President Bashar al-Assad: Interview
“Foreign Interference is Red Line”
Syrian Arab News Agency, April 07, 2013
Question: Mr President, you are welcome on Ulusal TV station. My first question might be a bit strange, but I need to ask it, because in the Turkish and world media there has been a lot of information published to the effect that you were killed or that you have left the country. Can you confirm that you are still alive and still in Syria?
President Assad: Clearly you can see that I am here and very much on the ground – not hiding in an underground bunker. These rumors tend to abound every once in a while to undermine the morale of the Syrian people. I neither live on a Russian warship nor in Iran. I live in Syria in the same place I have always lived.
Question: As you know, in the last meeting of the Arab League, the seat of the Syrian Arab Republic was given to the opposition and the discussion was opened about your legitimacy.
President Assad: Real legitimacy cannot be granted from either international organizations, officials outside your country or from other states. The Syrian People alone have the authority to grant or withdraw legitimacy.
If they withdraw it, then you become illegitimate. And similarly if they give you their support, then you are a legitimate president. Everything else is meaningless shenanigans as far as we are concerned.
Question: There are decisions, measures and actions taken against your country by some Arab countries and in the western world. On the other hand, the BRICS countries have taken decisions different from those taken by the Arab countries and the western countries. How do you evaluate the activities, policies and the decisions of the BRICS countries.
President Assad: What you mentioned in your question emphasizes an important point. From the outset, the conflict in Syria was not entirely domestic. There are internal Syrian dynamics at play, but the underlying issues today are more directed towards redrawing the map of the region, and the conflicting interests of the great powers. The creation of the BRICS bloc means that the United States will no longer remain the only global power in the world. …
The BRICS group does not support President Bashar al-Assad or the Syrian state. It supports stability in this region.
Everyone knows that if the unrest in Syria leads to the partitioning of the country or if the terrorist forces take control of Syria, or both of the above, the situation will create a domino effect throughout the Middle East and beyond…
As for some of the Arab or regional leaders which stood against Syria, it is well known that most of these countries are not independent in their political decisions. They act on foreign dictates. Internally, they might support a political solution, but when they are given their orders by the west, they must comply.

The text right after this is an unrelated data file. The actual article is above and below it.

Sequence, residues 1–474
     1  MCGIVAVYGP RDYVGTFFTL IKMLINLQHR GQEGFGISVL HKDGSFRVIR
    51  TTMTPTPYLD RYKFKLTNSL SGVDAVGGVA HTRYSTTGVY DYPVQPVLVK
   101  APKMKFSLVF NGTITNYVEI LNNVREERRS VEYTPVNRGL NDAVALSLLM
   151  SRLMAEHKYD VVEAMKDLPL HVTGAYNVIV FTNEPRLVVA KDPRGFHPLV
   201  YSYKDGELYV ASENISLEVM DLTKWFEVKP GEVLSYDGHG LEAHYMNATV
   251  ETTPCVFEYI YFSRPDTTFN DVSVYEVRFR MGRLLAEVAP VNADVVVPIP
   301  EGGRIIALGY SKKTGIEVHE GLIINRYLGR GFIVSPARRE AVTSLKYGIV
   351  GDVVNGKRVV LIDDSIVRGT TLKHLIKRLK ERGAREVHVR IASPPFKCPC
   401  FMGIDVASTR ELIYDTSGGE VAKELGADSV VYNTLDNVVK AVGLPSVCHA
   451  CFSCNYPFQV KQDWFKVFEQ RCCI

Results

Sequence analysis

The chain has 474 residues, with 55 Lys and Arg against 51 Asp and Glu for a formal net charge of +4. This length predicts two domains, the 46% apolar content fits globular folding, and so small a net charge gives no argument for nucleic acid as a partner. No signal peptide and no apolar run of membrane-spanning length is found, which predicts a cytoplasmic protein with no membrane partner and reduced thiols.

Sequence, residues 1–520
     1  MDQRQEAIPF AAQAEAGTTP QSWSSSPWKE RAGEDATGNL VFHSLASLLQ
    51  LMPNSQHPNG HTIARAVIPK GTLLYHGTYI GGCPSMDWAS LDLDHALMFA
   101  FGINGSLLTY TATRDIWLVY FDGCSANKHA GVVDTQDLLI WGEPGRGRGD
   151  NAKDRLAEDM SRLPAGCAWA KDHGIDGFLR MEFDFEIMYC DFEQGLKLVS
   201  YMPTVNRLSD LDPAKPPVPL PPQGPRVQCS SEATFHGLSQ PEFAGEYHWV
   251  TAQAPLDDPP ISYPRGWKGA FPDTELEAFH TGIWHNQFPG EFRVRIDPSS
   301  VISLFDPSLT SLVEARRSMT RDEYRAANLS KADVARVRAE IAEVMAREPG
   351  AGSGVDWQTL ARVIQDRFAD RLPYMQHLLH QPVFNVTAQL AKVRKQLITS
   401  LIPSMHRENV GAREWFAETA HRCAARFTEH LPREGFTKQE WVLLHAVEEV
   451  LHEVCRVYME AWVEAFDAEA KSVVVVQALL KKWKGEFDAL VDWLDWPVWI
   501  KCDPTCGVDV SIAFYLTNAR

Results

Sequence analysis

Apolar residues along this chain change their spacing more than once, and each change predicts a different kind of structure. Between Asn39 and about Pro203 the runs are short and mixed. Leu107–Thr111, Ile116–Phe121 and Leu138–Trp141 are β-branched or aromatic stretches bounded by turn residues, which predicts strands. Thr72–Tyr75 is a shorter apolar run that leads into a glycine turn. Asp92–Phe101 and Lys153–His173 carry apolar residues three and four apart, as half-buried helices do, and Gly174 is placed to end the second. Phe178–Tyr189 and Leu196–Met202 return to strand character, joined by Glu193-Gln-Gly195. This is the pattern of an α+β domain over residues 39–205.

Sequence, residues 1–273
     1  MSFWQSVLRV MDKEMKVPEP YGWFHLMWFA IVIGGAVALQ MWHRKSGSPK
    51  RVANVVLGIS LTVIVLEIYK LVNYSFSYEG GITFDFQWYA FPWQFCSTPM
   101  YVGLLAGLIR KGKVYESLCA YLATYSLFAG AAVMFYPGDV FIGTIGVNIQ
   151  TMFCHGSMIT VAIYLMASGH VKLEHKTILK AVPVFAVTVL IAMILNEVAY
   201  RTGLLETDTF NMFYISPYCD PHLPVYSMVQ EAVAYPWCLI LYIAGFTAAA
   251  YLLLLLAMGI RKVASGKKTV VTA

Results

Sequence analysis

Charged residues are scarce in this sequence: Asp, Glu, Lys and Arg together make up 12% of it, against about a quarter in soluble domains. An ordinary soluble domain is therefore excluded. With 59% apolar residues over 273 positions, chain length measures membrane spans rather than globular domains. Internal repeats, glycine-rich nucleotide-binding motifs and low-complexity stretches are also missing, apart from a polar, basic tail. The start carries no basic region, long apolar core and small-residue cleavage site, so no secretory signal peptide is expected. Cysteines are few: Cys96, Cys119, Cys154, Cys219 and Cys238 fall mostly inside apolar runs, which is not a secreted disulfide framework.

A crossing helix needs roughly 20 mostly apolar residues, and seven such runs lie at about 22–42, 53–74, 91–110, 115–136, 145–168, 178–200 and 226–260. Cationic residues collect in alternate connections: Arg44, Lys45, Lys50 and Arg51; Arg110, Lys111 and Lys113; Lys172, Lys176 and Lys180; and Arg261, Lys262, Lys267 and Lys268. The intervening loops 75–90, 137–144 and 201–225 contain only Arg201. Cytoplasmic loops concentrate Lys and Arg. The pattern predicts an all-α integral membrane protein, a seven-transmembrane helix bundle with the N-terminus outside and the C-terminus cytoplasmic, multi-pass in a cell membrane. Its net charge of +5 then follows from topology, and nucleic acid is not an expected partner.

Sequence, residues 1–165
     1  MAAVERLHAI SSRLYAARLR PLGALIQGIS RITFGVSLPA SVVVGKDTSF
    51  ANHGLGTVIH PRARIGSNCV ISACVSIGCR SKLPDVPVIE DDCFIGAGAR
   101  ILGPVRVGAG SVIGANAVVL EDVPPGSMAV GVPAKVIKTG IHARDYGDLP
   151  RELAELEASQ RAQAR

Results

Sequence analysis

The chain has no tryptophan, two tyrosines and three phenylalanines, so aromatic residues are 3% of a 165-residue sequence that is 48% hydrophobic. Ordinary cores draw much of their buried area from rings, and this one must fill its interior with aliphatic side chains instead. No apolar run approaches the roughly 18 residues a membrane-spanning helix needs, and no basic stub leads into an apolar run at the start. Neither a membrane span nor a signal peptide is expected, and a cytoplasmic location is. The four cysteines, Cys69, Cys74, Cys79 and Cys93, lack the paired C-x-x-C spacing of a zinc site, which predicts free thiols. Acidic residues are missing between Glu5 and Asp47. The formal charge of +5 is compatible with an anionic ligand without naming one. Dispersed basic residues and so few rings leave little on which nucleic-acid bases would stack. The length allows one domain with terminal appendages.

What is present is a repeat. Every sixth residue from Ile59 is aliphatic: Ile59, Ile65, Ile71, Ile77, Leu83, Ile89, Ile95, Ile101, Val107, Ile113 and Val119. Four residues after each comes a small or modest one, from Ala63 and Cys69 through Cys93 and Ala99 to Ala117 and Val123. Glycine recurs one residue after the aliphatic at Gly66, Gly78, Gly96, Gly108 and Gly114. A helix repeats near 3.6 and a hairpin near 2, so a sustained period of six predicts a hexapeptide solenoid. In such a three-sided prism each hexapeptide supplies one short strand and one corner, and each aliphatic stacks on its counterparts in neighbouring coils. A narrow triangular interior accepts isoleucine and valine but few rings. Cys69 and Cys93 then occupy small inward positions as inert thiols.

Question: Mr President, for the past two years we have witnessed conflict in Syria, armed conflict inside Syria. This conflict is supported on the one hand by the United States, France, Turkey and some Gulf countries. These countries say that the people are fighting your regime, and more than a hundred countries have stated that you should step down. On that background, are you thinking of stepping down and allowing someone else to replace you?
President Assad: I am not bothered by foreign countries being against me; I am a president elected by the Syrian people. We can conclude that for a president to take office or leave office is a National Syrian decision to be taken only by the Syrian people and not by the states which call for that.
Are these states concerned about democracy in Syria or concerned about the blood of the Syrian people?
Let’s be candid. If we start with the United States, we find that it has supported the crimes committed by Israel for decades, since Israel was created in our region. The United States committed massacres in Afghanistan and Iraq resulting in millions being killed, wounded or disabled. France and Britain committed massacres in Libya, with support and cover from the United States. The current Turkish government is knee-deep in Syrian blood. Again are these states really concerned about Syrian blood?
Question: You said that what is taking place in Syria is mainly supported from outside, but we are in Damascus and we can hear the sounds of explosions and there is always the sound of shelling at different distances. Why is this happening in Syria?
President Assad: We are surrounded by a group of countries which are helping terrorists enter into Syria. Of course, not all of these countries are doing this intentionally. For instance, Iraq is against allowing terrorists access to Syria, but it has certain circumstances which do not allow it to fully control its borders. In Lebanon, the situation is divided with some parties supporting and others opposing sending terrorists into Syria. Turkey officially harbors these terrorists and sends them into Syria. Some terrorists enter Syria through Jordan and it is not clear whether that is intentional or not. As long as these terrorists continue to be smuggled into the country, we will continue to fight against them…
Question: Mr President, you said that the Turkish government officially and publicly supports the terrorists and provides different kinds of assistance to those terrorist groups… What happened and pushed things to this situation?